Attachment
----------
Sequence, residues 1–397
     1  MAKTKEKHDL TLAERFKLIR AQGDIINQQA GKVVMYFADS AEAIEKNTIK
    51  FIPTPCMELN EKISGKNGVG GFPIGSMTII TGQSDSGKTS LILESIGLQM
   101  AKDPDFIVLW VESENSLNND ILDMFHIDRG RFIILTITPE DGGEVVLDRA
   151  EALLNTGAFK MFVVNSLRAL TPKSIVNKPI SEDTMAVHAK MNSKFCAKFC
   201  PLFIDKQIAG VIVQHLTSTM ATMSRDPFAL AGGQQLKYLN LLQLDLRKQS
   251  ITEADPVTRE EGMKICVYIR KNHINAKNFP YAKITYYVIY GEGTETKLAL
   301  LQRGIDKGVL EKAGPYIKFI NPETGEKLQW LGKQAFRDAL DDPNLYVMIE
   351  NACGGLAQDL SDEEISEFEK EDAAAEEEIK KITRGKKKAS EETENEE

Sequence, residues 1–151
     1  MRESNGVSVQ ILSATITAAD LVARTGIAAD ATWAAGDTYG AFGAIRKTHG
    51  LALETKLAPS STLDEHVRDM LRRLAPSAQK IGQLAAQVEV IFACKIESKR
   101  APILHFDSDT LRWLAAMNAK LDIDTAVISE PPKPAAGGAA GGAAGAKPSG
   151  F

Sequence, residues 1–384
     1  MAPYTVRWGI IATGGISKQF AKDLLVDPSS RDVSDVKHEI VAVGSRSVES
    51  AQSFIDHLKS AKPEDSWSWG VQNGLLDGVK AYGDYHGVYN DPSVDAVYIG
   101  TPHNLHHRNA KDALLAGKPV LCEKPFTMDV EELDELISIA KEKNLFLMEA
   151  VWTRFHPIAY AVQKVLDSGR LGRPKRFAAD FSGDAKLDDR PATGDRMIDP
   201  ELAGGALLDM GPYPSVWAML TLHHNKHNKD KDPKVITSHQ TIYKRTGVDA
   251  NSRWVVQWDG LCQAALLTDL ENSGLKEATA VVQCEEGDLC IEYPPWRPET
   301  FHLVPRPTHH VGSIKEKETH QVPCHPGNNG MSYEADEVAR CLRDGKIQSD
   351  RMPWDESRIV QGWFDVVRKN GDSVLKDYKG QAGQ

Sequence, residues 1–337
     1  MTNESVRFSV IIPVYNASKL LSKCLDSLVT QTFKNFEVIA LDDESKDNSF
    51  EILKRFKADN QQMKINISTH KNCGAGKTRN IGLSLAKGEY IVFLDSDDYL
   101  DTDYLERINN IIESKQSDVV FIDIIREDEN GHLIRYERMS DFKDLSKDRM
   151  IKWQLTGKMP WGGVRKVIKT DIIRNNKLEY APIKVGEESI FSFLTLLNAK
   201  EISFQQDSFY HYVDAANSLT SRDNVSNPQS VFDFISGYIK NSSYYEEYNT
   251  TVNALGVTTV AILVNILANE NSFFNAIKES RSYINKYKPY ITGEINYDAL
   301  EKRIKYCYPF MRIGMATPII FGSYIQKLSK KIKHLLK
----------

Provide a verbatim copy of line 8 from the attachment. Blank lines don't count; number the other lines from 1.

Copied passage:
   301  LQRGIDKGVL EKAGPYIKFI NPETGEKLQW LGKQAFRDAL DDPNLYVMIE